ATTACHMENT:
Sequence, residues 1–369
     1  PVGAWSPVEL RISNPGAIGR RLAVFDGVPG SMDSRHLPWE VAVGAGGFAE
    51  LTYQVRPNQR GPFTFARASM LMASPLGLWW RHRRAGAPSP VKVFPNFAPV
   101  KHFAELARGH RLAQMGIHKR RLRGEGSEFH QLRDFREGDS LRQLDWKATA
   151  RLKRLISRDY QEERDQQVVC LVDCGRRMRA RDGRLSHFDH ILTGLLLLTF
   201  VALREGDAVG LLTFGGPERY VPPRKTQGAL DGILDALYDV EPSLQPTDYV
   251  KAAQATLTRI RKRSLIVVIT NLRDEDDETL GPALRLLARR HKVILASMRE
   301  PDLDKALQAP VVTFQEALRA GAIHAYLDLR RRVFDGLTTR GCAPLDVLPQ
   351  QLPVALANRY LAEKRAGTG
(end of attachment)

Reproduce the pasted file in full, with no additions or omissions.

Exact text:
Sequence, residues 1–369
     1  PVGAWSPVEL RISNPGAIGR RLAVFDGVPG SMDSRHLPWE VAVGAGGFAE
    51  LTYQVRPNQR GPFTFARASM LMASPLGLWW RHRRAGAPSP VKVFPNFAPV
   101  KHFAELARGH RLAQMGIHKR RLRGEGSEFH QLRDFREGDS LRQLDWKATA
   151  RLKRLISRDY QEERDQQVVC LVDCGRRMRA RDGRLSHFDH ILTGLLLLTF
   201  VALREGDAVG LLTFGGPERY VPPRKTQGAL DGILDALYDV EPSLQPTDYV
   251  KAAQATLTRI RKRSLIVVIT NLRDEDDETL GPALRLLARR HKVILASMRE
   301  PDLDKALQAP VVTFQEALRA GAIHAYLDLR RRVFDGLTTR GCAPLDVLPQ
   351  QLPVALANRY LAEKRAGTG